|May - June 2005
Volume 3, Number
Cover photo by Donald M. Jones
As I write this in late November, I am on the
heels of another season of bow hunting whitetails. From Kansas Illinois Colorado, I waded
in among them, the goal to arrow only top-tier bucks. I was successful half the time, a
pretty good ratio.
If you hunt many new places each season as I
do that are far enough away from home that preseason scouting is out of the question, you
quickly learn the importance of being able to go into the area cold and still set up
killer stand sites. Years of trial and error have shown me there is a definite right way
and wrong way to go about this.
In a nutshell, the key is to find the best
stands on a given property while minimizing your physical presence to zilch. Thats
simply because a mature buck is extremely tough to arrow even when he doesnt know
hes being hunted. Once he knows its on, your odds of killing him sink like the
Heres how to make it happen.
Step 1 is obtaining U.S.G.S. topographic maps
of the property. They illustrate features like roads, rail-road and power line right of
ways, buildings and other man-made features along with natural features like wooded areas
and the all-important narrowed necks that show potential funnels.
Also important are water courses, including
swamps, rivers, lakes and ponds, which can also show funnels. A common example is a narrow
piece of dry land between two bodies of water. Also, rivers and streams are often used as
travel corridors by deer. Water can also provide the hunter an excellent low-impact route
to stand sites. We also have the swamps that serve as potential bedding areas.
Vision from Above
Aerial photos are the very best overview you
can have, even though they do not show relief changes like topo maps. From a good photo,
you can pick up many food sources, such as farm fields, grassy meadows and even orchards.
Also, some intermittent streams and smaller swamps arent shown on topos but are
plainly visible on photos.
Photos do a much better job showing wooded
areas. With most you can differentiate between deciduous and coniferous trees, as well as
gauge the thickness and maturity of a wooded area. With deer seeking thick areas for
bedding, photos can be used to identify potential bedding sites.
Photos show the level of detail
required to make educated guesses on how deer are using the habitat, while contour maps
show how they use the relief. Between the two, its almost like scouting in the
woods. When studying them create a list of promising locations. With that, a game plan can
be built to check each spot and prepare the most promising.
Information is everything, which is why on
private farmland I try to speak with the landowner and other deer hunters to find out the
little idiosyncrasies that can alter deer movement. Examples include fields that have just
been, or are scheduled to be, harvested; burns; higher or lower water levels; hunting
pressure; and of course, where the land-owner just may have recently spied a mature buck.
Now its time to hit the woods, but I
dont just dive in. I will take the first day and scout from the fringes, often
slowly driving around at dawn and dusk, glassing food sources. When a nice buck is
spotted, I note the area a likely trail he used and potentially good ambush spots.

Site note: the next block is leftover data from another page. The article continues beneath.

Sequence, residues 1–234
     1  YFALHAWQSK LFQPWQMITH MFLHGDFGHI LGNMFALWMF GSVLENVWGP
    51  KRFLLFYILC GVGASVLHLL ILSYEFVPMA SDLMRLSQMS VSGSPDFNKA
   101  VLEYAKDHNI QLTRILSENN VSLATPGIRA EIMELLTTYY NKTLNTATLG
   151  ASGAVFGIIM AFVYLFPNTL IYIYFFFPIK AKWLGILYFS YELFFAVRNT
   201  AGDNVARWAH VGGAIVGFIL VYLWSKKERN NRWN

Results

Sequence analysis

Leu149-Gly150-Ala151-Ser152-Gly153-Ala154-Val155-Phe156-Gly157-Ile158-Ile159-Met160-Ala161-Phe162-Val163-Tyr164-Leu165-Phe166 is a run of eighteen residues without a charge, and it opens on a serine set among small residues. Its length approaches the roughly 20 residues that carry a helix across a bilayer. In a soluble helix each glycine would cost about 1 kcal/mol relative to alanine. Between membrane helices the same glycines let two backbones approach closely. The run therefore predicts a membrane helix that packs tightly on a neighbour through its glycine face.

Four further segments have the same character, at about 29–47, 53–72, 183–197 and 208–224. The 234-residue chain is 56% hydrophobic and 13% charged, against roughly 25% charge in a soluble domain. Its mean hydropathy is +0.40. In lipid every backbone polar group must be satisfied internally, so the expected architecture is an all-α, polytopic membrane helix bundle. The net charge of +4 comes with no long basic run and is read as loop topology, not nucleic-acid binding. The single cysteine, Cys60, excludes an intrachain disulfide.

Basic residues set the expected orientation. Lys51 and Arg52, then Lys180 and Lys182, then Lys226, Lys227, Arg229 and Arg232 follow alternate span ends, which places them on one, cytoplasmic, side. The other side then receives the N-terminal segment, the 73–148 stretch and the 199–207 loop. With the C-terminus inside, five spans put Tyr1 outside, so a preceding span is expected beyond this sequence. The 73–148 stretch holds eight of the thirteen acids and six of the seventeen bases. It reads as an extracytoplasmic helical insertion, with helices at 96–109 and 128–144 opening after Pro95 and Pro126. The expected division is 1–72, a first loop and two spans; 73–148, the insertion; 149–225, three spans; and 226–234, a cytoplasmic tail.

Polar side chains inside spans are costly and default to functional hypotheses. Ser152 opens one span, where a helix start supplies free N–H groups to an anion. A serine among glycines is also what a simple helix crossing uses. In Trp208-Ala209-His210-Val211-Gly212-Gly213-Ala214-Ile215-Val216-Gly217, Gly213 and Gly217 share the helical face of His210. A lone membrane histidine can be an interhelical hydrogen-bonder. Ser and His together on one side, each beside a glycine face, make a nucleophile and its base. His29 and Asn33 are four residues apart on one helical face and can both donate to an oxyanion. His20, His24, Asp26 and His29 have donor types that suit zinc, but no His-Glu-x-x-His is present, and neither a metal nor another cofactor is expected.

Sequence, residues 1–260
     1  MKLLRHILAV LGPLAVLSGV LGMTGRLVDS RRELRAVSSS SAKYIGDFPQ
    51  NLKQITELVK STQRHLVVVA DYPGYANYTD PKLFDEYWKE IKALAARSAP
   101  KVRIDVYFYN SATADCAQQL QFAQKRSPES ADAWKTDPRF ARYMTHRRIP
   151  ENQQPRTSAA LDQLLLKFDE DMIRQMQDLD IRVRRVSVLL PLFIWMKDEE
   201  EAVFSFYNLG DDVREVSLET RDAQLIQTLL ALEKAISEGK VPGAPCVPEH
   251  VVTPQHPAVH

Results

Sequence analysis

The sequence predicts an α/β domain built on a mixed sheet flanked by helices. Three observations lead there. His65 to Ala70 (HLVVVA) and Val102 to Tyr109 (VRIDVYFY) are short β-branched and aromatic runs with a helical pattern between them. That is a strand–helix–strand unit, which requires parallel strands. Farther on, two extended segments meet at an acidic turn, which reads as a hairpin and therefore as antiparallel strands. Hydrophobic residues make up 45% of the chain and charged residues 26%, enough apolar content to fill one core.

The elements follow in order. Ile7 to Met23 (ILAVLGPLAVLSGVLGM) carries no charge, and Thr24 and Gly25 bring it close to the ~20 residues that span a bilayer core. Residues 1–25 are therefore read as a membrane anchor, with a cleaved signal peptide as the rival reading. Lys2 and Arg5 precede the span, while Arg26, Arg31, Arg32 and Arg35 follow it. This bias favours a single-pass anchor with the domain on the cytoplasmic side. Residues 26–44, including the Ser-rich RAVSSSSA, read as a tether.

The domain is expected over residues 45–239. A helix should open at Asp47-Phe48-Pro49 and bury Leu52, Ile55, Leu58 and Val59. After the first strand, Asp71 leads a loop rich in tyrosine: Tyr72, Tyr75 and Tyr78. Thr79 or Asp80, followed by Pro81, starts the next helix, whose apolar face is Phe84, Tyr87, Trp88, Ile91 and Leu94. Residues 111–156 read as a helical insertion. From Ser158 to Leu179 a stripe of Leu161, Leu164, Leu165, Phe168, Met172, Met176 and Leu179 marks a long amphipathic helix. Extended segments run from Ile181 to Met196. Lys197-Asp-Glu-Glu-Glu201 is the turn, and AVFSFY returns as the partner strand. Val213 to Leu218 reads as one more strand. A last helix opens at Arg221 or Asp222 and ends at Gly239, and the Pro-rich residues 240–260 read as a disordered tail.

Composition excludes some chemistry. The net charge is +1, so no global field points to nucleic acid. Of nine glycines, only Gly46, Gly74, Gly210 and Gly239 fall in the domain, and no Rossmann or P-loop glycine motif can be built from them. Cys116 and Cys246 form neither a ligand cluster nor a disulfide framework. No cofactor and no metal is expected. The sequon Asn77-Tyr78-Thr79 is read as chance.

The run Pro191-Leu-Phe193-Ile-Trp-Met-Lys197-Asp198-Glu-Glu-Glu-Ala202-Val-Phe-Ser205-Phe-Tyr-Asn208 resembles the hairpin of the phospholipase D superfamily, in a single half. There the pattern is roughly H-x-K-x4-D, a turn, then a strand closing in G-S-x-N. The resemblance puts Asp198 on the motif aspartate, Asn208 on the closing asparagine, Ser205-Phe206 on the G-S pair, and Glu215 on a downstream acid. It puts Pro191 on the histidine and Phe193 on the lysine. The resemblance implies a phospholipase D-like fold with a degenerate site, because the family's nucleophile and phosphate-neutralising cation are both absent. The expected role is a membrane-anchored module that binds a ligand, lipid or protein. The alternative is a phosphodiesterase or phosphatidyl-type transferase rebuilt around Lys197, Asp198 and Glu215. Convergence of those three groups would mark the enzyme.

I may also set a pop-up blind or tree stand on the fringe of the best areas I can ferret
out from my photos, maps and people sources and simply watch as much country as I can
before moving in.
To some, this is wasting a precious day of
hunting. But to me, wasting time is sitting in a tree stand and learning nothing. I would
much rather spend two days of a five-day hunt carefully planning a killer stand site
chosen on information and personal observation. If everything goes right, Ill only
need a day or two to shoot my one arrow if I am in the right tree.
When setting then immediately hunting a new
stand, its crucial to keep human disturbance to a minimum. I always shower with
unscented soap and shampoo, wear scent-free clothing and boots and spray myself liberally
with scent-blocking sprays before entering the woods. I am extremely careful to set my
stand as quietly as possible and trim shooting lanes lightly. This isnt the time to
chain saw the woods!
The two keys to going in cold and coming out
hot are finding productive stand sites and keeping disturbances to a minimum. Identifying
potential stand sites from maps and photos is a good start. Add a little buck observation
time, and all thats left is a quick combination midday scouting/stand setting trip.
My September western Kentucky trip is an
example. It was unseasonably hot, so I knew the bucks would be near water, probably a
water source close enough to food and bedding cover so they didnt have to move much.
An aerial photo showed just such a spot, a small pond on a ridge line separating a thick
bedding hollow from alfalfa and corn fields. At midday I got the wind in my face and made
a quick trip to the spot. The edge of the pond was tracked up to beat the band, with the
most used trail from the bedding thicket running along its east side.
No sweat. I set a tree stand in a big oak
right on the ponds downwind edge, which gave me a clear shot along the pond, the
mouth of the entry trail and across a small grassy flat that led to the trails leading to
the fields. I went home and let the stand rest until the following evening, when I slipped
in about four hours before dark. As predicted, deer did not move until an hour before
sundown, but when the buck appeared, he came out right where I thought he would. The big
9-pointer, which green scores 145 Pope & Young points, never knew what happened.
Dont get me wrong doing plenty of
preseason scouting and stand site prep is by far the best way to bow hunt mature
whitetails. But when you are traveling and time is at a premium, you can still get it